VGT – Commentary on the Game “Journey”

So now I come to you with open arms to give my commentary on the PlayStation 3 exclusive download console  title Journey.  No, this is not about the Atari cartridge game featuring the eighties super-group Journey.  I never played that one.  Journey is the third title produced by thatgamecompany for the PlayStation 3 and for the PC.  The other two games were Flow and Flower.  All three games are not your typical game experience.  The very mission of the company is unique, ” Create timeless entertainment that make positive change to the human psyche worldwide. ”   Let’s just say that they probably won’t be producing the next Call of Duty.

I love Journey.  It is a work of art visually and audibly.  It is one of the few games in which you feel something when you play.  You start the game as a solitary figure in the desert.  In the distance looms a mountain emitting light.  You are given no instructions  – but you don’t stop believing and head toward the obvious goal of the mountain.  You feel almost drawn to it.

The journey ahead

You easily learn the simple jump/glide mechanics.  There is a motif of tapestry in the game – a kind of “tapestry of power.”  When you progress though the game your scarf grows longer.  You also learn the history of your world and the presentation is fantastic – completely presented without words but getting the point across.  A society used the power of the tapestry in the wrong way and created great machines of war.  The great society destroys itself and the lights go down in the city.  Only the barren lifeless world remains.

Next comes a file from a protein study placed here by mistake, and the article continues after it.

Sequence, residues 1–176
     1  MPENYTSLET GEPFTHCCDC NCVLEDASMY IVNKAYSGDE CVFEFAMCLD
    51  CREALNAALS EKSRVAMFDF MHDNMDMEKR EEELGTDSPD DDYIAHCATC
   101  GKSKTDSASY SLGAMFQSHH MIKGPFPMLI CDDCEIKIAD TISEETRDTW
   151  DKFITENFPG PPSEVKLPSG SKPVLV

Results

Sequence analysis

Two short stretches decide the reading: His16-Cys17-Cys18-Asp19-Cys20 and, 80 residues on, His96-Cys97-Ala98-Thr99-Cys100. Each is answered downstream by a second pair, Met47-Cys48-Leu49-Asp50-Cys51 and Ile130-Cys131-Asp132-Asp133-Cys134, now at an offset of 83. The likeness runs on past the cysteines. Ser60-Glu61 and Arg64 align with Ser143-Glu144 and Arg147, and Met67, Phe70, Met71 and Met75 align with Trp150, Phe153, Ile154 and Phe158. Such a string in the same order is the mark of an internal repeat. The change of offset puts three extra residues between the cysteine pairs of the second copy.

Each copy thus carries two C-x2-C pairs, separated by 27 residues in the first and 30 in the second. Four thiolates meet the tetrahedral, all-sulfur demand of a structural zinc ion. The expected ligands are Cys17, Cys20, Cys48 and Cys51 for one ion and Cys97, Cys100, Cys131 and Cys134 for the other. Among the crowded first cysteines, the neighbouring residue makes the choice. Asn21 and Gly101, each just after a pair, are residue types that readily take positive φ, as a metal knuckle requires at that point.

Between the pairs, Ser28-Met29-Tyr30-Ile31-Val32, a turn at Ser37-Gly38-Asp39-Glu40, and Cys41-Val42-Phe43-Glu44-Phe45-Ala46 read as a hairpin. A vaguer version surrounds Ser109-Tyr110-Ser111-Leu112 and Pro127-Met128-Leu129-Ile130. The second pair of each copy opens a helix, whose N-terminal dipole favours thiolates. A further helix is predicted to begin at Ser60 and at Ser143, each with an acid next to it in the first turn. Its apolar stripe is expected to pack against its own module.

You are not alone

Sometimes on the journey, you will encounter another player and work together to overcome obstacles.  It affects you –  to think that you are interacting with another human player in the same world but you can only communicate with certain sounds activated by pressing a button.  You can continue to journey together or choose to part ways saying, “I’ll be alright without you.”  As you get closer to the mountain, the game gets darker, colder and slower.  You may feel like putting the controller down, but if you keep faithfully moving forward to the top of the mountain – you won’t regret the experience.  You might even shed a tear or two.  Who’s crying now?

Theologically, I may not agree with the implied premise of the game.  If I went into that premise I would consider it a spoiler for the ending, so I won’t discuss it here.  I’ll let someone else add that to the comments of this blog.  However, just because I may not agree with the message of a game, book, or movie does not mean that I may not like how it is delivered.  In the same way, there are many presentations that I agree with the message, but don’t necessarily like the presentation, style, or format.  For example, I may have more in common with a television preacher than things not in common, but it doesn’t mean I like how it is being demonstrated.

Of course, if you don’t agree with my commentary, we can go our separate ways.  You get bonus points if you can find all the Journey song references in today’s blog.

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